Efficiency and supply security: Efficiency is also seen as key to achieving a secure energy supply. Germany produces only a fraction of the energy it consumes, despite all the buzz about the rise of renewables. The country imports virtually all the oil it consumes, as well as around 90 percent of hard coal and gas, with Russia being the dominant supplier. The Ukraine crisis has brought this relationship into sharp focus. “While energy trading is generally a desirable thing, energy imports also create dependencies. One way to reduce these is higher energy efficiency,” states the NAPE. Stefan Thomas, from the Wuppertal Institute, told the Clean Energy Wire: “Efficiency is immensely important, because it is the biggest, fastest and most economical contribution to climate protection and to supply security.”
Efficiency and affordability: Efficiency is key to making the Energiewende affordable, the government believes. Many experts would agree. “Countless studies have shown: A significant increase in efficiency makes the energy transition cheaper for everyone,” says Patrick Graichen, head of think-tank Agora Energiewende. Graichen argues this is crucial to maintain public acceptance of the project, as rising electricity prices tend to dominate the debate about the Energiewende. In theory, efficiency can bring relief for poor households burdened by high power bills. It can also benefit companies by keeping them competitive in the global marketplace.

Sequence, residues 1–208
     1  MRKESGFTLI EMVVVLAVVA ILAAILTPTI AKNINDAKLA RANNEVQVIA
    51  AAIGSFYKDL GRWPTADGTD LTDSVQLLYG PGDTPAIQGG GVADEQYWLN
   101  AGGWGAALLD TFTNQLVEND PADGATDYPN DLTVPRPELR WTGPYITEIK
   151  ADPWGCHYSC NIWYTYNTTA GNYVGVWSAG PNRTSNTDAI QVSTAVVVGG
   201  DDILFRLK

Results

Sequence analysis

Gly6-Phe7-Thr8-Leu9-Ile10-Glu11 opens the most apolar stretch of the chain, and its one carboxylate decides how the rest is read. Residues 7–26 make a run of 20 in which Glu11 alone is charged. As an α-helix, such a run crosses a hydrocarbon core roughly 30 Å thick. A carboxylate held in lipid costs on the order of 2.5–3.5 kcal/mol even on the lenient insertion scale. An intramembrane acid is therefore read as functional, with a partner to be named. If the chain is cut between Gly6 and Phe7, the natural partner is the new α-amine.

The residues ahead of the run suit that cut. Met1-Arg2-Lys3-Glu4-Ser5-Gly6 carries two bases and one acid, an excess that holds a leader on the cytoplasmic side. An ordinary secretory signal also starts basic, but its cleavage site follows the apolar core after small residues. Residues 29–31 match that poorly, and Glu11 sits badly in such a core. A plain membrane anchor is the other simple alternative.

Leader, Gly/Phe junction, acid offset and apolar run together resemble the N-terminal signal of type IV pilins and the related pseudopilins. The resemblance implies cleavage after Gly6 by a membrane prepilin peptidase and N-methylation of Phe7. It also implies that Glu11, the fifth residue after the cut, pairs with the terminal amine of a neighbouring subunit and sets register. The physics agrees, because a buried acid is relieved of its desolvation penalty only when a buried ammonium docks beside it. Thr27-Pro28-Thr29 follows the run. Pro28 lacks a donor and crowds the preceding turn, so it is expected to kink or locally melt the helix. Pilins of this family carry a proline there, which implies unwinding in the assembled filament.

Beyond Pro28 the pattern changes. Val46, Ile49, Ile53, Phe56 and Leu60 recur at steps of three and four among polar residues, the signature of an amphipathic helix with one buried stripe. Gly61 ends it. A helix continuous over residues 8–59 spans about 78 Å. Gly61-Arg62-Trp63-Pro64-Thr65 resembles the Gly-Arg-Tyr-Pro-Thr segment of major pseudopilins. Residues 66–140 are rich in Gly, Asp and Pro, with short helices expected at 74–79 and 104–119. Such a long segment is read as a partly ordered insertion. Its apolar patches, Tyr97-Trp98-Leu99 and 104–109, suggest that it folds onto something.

Lagging behind targets
So where does Germany stand in terms of efficiency? “Germany has undertaken big efforts, but the challenges are immense. We need to cut primary energy use by 50 percent within 35 years,” says Wolfgang Eichhammer, from think-tank Fraunhofer ISI. “There is no lack of willingness to do it and a fair amount of efforts. But we must speed up the process urgently.” Thomas stresses that no other country has ever taken on a comparable challenge. “But with present policies, we can only save a quarter of energy, not half,” he says.
International comparisons reveal that efficiency standards in Germany are relatively high, but recent progress is slow. The American Council for an Energy-Efficient Economy ACEEE crowned Germany a “world champion” in efficiency in a 2014 study. But an analysis by the German Industry Initiative for Energy Efficiency (DENEFF) and Fraunhofer ISI concluded: “The level of energy efficiency and efficiency policy is good, but many European countries have overtaken Germany in the past 15 years when it comes to progress in efficiency.”